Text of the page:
Posted on December 8th, 2015 by TTS2014
At The Trailer Specialist, we provide customers service beyond the sale of our durable trailers. This includes our helpful hints when it comes to trailers, their parts, and how to haul correctly and safely.
Part of that basic trailer knowledge is finding the right hitch for you.
When deciding what hitch is accurate, it is important to recognize your trailer’s overall weight and tongue weight. There are two types of hitches: Weight-carrying hitches and weight-distributing hitches.
Weight-carrying hitches are recommended for trips when the combined weight of the trailer and cargo is 3,500 pounds (1,588 kilograms) or less. Weight-distributing hitches, on the other hand, are recommended for heavier loads. When there’s too much weight on a trailer, the tongue weight – the downward pressure that the tongue exerts on the hitch ball – can get too high.
This causes the tow vehicle and trailer to sag, which can make the whole setup look like a very wide V. A weight-distributing hitch redistributes the tongue weight to the axles of the tow vehicle and trailer, which keeps both vehicles level, or parallel to the ground.
So when deciding which hitch is right for you, here are five things to consider:
Determine the Weight of the Trailer and Tongue
Not all hitches are made the same. The weight that your vehicle can haul is specified by the manufacturer and is listed in the owner’s manual. First, find the gross trailer weight (GTW) and the maximum tongue weight. The tongue weight should be about 10 percent of the trailers weight. Too light and the trailer will sway; too heavy, and it will make your vehicle hard to steer.
Hitches are split into five classes based on weight:
Class 1: 2000 pounds GTW/200 pounds tongue weight
Class 2: 3500 pounds GTW/350 pounds tongue weight
Class 3: 5000 pounds GTW/500 pounds tongue weight
Class 4: 7500 pounds GTW/750 pounds tongue weight
Class 5: 10,000 pounds GTW/1000 pounds tongue weight
The best advice is to install a hitch receiver that’s heavy-duty enough to match your vehicle’s GTW and tongue-weight specs – even if you’re only planning on towing a small trailer.
Selecting Your Hitch
Once you know your vehicle’s towing capacity and your total trailer weight, you have the information you need to select a hitch. As you shop for a hitch, bear in mind that it’s good to have excess capacity. Sometimes your towing needs will increase, and you don’t want to have to purchase a heavier hitch later on.
You can always tow a lighter trailer with a heavier hitch, with the exception of a weight-distribution hitch. Because a weight-distribution hitch is essentially a spring, using a higher rated spring bar than necessary will create a stiff ride and could cause problems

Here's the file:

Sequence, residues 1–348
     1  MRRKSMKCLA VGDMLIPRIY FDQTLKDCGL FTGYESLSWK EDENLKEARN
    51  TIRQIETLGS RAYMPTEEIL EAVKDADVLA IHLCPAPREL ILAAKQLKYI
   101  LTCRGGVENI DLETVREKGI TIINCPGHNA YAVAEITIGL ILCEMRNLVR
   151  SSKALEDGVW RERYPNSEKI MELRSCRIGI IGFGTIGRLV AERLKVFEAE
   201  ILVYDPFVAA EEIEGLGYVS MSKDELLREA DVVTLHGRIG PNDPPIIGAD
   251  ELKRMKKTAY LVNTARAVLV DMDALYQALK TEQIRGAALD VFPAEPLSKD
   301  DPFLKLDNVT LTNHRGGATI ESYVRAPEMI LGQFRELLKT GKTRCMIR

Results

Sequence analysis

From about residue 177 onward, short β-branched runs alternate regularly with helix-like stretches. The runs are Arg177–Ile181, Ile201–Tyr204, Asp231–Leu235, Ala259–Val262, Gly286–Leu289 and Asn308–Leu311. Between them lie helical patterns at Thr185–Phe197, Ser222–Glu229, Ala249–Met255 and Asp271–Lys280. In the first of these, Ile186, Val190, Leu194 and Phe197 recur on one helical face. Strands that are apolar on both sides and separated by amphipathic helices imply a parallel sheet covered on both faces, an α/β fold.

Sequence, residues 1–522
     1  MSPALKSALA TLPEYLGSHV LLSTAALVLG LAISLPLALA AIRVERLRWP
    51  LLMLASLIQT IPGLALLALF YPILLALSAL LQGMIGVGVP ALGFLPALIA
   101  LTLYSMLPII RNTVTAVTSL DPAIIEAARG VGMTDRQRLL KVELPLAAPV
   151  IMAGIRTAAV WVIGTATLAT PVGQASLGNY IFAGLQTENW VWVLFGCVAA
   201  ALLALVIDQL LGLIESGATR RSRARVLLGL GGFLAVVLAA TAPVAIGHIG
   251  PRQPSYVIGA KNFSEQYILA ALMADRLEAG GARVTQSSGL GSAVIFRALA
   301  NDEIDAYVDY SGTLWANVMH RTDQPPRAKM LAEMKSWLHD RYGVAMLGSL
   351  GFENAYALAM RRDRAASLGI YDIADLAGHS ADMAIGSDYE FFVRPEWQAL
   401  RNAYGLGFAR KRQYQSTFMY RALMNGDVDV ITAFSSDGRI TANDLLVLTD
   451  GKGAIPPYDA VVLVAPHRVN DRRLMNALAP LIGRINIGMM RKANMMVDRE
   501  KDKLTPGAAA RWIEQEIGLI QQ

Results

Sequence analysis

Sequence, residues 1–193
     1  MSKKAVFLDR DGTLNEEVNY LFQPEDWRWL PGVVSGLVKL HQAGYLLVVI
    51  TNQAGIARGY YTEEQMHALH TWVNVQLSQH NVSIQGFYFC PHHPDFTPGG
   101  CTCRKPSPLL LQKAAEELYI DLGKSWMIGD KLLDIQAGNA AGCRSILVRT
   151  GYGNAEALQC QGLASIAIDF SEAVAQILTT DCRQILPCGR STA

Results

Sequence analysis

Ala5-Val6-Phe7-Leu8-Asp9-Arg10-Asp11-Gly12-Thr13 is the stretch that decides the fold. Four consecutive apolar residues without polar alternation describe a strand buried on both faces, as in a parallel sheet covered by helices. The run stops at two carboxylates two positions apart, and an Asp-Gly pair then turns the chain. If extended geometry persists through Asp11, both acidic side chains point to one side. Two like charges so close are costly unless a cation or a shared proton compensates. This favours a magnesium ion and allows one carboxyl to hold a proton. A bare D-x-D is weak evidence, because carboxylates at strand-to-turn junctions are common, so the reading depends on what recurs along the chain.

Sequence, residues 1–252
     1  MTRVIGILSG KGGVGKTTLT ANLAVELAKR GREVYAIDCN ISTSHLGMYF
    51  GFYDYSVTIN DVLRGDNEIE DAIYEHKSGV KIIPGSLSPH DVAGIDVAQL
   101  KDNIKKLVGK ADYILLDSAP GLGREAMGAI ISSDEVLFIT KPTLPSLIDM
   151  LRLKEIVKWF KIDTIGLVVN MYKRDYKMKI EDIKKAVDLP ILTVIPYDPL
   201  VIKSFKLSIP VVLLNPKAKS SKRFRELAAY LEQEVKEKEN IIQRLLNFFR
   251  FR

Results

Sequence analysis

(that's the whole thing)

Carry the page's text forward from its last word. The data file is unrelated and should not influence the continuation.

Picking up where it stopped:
Matching Trailer, Tow Vehicle, and Hitch Class
If your trailer is a fifth wheel or gooseneck design, then you already know you need that style of a hitch, and all that remains is to select a hitch with an appropriate weight rating for your trailer. Make sure to check to make sure your particular trailer does not exceed the weight listed. Most hitches also employ a removable drawbar, which holds the hitch ball. The bars come in two sizes: 1.25 inches (for lightweight pop-ups and bike racks) and 2 inches (for heavy loads).
Shopping for a Hitch
When you know what hitch class you need, talk to your trailer hitch dealer about the designs that are available. Your dealer may have some recommendations for your particular vehicle. Some hitches are made to be unobtrusive and hide under your vehicle’s bumper while others are designed to be more prominently placed or can’t be hidden due to the vehicle’s undercladding.
You have many options in hitch style, quality, finish and in some cases even color, so investigate and invest in the trailer hitch that best meets all your functional and aesthetic needs. Armed with the right basic tools, the manufacturer’s installation instructions, and a little patience, most hitches can be installed by car/truck owners with little mechanical expertise.
Some hitches may require specialized installation techniques, and you should know what the installation requirements will be before you make a purchase. If your vehicle came with a hitch installed by the manufacturer, check to be sure that the class of hitch on your vehicle matches your needs.
Choosing a Ball Mount
Once you’ve selected a hitch, you also need to select the correct ball mount. The right ball mount has a shaft sized to match the receiver tube, and raises or lowers the hitch ball to ensure that your town vehicle and trailer each remain level as you travel.
Hitch balls come in three main flavors: 17/8 inches, 2 inches and 25/16 inches. Generally, the bigger the ball, the more weight it can support. If you own two or more trailers that call for different ball sizes, it’s recommended to buy separate drawbars with the proper balls permanently attached.
For other information about picking out the right hitch for you, give us a call at 209.334.9600. Serving you since 1988, The Trailer Specialist has everything you need when it comes to trailers, including helping tips and hints.
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